Common Zero Turn Problems: How to Fix Them


Owning a zero turn lawn mower doesn’t come without its problems. Owners must accept the fact that some item on their zero turn will fail after time. With a good maintenance routine, you can prevent some of these problems. However, if you own the same zero turn long enough, components will eventually begin to wear and fail.  

Some of the most common zero turn problems and owner complaints are: 

  • Zero turn won’t start 
  • Zero turn dies when mowing 
  • Zero turn smokes 
  • Zero turn hydrostatic transmission is weak 
  • Zero turn won’t drive straight 

Keep reading and I’ll explain how to diagnose and fix these common issues. 

How to fix common zero turn mower problems

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Zero Turn Lawn Mower Problems 

Zero Turn Won’t Start 

Your zero turn lawn mower may not start because of fuel system problems such as a bad fuel, dirty carburetor, or a bad fuel pump. A bad spark plug, battery, safety switch and ignition switch can also cause your zero turn not to start.  

Bad Spark Plug in Your Zero Turn 

If your zero turn mower doesn’t start, your spark plug may be bad. However, if your lawn mower tries to start and turns over, the cause of your lawn mower starting probably doesn’t have anything to do with the spark plug since the engine turning over indicates you have spark. 

FIX 

  • Remove the spark plug boots and the spark plugs. 
  • Inspect the plug for dark deposits or cracked porcelain. The color of your plug should be amber in color. If it appears darker then this, your spark plug should be replaced with a new one. 
  • Replace your spark plug and make sure you gap the plug according to your manufacturer’s recommendations. 
  • Reattach the spark plug boot . 

No Gas in the Fuel Tank 

I’m not joking when I listed “no gas in the fuel tank”. I once had a customer so mad at me for not running to his place on a Saturday evening to repair a mower that wasn’t running. Come Monday morning, I checked the fuel tank and found the reason for his zero turn not running was because he forgot to add gas to the fuel tank. Boy, did that customer apologize once I told him about the lack of gas. 

FIX 

  • Add fresh fuel to your gas tank. 

It’s a simple thing to forget, so it is worth mentioning. 

Bad Fuel Pump on Zero Turn 

A fuel pump is used to pump fuel to the carburetor. The fuel pump has an inlet and outlet port where the fuel is come into and exits the fuel pump. There is a third port that is connected to a fitting off of the crankcase that creates the pressure the pump requires to function.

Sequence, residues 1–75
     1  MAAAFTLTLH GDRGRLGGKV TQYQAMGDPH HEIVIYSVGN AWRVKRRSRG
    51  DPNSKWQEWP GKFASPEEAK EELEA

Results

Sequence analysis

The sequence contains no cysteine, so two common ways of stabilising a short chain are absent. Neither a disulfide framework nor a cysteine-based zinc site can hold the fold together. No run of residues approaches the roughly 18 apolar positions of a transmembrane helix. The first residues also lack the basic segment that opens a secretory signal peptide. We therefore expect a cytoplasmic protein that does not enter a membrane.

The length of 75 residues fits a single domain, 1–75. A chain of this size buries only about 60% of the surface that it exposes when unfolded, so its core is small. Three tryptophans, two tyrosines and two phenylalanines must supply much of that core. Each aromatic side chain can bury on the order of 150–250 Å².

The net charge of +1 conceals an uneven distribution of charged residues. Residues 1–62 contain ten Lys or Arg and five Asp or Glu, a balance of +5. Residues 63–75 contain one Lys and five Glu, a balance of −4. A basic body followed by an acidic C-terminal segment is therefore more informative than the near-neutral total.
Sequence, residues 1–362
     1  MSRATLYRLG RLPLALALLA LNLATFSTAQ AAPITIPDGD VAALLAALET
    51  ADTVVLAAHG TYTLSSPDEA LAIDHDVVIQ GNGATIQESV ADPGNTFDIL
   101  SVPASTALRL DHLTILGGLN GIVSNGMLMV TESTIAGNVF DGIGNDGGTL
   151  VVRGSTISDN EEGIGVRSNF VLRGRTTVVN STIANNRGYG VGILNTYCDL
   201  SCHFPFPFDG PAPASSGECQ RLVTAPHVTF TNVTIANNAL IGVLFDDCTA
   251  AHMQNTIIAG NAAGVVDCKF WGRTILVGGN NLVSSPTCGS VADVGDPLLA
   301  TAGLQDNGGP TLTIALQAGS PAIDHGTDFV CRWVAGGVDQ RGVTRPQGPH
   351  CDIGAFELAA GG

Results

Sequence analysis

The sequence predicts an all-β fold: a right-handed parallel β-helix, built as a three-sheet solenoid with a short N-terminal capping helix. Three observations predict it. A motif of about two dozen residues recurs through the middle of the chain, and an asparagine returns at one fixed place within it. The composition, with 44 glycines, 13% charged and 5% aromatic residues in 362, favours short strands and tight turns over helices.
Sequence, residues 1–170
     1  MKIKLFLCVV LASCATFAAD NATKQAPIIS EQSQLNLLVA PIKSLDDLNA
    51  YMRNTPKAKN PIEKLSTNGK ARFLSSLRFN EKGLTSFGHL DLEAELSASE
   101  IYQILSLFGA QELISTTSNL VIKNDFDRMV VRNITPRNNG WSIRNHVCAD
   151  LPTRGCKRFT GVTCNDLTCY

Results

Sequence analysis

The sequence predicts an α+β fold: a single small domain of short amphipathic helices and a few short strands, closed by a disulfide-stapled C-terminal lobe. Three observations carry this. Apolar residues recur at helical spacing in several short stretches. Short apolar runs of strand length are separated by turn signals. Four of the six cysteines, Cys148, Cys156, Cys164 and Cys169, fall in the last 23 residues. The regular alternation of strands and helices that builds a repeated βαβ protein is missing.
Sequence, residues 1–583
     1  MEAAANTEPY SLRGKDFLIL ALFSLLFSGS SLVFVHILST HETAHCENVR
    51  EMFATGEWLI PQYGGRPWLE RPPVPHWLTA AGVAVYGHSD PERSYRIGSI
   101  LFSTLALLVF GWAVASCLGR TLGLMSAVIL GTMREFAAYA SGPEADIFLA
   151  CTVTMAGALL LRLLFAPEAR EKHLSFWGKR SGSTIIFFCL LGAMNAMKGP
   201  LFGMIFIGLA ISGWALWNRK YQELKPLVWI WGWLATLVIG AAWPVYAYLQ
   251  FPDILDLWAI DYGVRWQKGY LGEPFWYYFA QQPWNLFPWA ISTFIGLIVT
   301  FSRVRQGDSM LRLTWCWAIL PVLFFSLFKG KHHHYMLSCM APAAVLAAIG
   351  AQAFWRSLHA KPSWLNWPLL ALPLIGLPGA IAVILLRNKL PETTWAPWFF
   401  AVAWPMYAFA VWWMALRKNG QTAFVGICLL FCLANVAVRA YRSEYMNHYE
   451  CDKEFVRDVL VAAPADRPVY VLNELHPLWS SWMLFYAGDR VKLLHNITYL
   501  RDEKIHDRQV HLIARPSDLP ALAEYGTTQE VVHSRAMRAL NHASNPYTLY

FIX

  • Inspect the fuel pump for cracks or fuel leaking around the pump. If you find cracks the fuel pump will no longer be able to hold pressure. You must install a new fuel pump.
  • Make sure you are getting fuel from the fuel tank to the fuel pump. Turn off the fuel valve or use a clamp to stop the flow of fuel. Disconnect the fuel line from the inlet port on the fuel pump. Place the line in a container that sits lower than the fuel tank. Unclamp or turn on the fuel valve and check to make sure fuel is flowing out of the tube. If you are not getting fuel, check for blocked fuel lines or a plugged filter.
  • Once you have verified you are getting fuel to the fuel pump, reinstall the fuel line to the inlet port on the fuel pump. You will now need to verify the fuel pump is pumping fuel to the carburetor.
  • Remove the fuel line from the carburetor. Place the fuel line into a container. Start your lawn mower and watch to make sure you have a steady or pulsating flow of fuel coming out of your fuel line.
  • Replace your fuel pump if it fails to provide a flow of fuel out of the outlet port.

Dirty Carburetor on Your Zero Turn 

The carburetor is essential to regulate the amount of fuel and air mixture required to create a combustion. When your carburetor is dirty or gummed up, your carburetor is no longer able to regulate this mixture causing your lawn mower not to start or run terribly when it does start. 

FIX 

  • Clean your carburetor. Most of the time a carburetor can be cleaned. If you are mechanically inclined you can clean your carburetor using these steps in this article.  
  • Replace the carburetor if the buildup of dirt and residue left from ethanol cannot be removed adequately.  
  • If you are not mechanically inclined or you don’t want to tackle the job, you can have your local lawn mower repair shop clean your carburetor. 

Dead Battery in Zero Turn 

A dead battery can be the result of a bad battery that won’t hold a charge, loose connections or corroded terminals. 

FIX 

  • Inspect your battery terminals for corrosion. Clean your battery terminals by mixing 2 cups of water to about 3 rounded tablespoons of baking soda. Using a wire brush, scrub the battery terminals until rust and corrosion is removed. Replace the terminals if you are unable to get them clean. 
  • Make sure the battery connections are all securely in place.
  • Test the voltage of your battery to ensure it has at least 12.7 volts. If your battery does not, you will need to check to verify it will hold a charge. If it will not hold a charge, it must be replaced. 

You can find additional information on what is draining your battery and how test and charge your battery in my article here

Bad Safety Switch in Zero Turn 

Your lawn mower may use several safety switches in its operator’s presence control system. The switches are designed to kill the engine if the operator leaves the seat. A bad safety switch can cause your zero turn mower not to start because it can’t sense the operator. 

FIX 

  • Temporarily bypass the safety switch to identify a bad switch.  
  • Warning: Do not operate a mower without the safety switch installed for your safety. Many people get injured by mowers annually by rolling them or falling off the mower. 
      
  • Always have safety switches installed and working on your equipment. 
     
  • Replace a bad safety switch. 

Bad Ignition Switch  

You insert the key into your ignition switch and turn it only to find nothing happens. The switch may feel a little different when you insert the key or you are unable to turn the key. The ignition switch can be the culprit to your starting issue.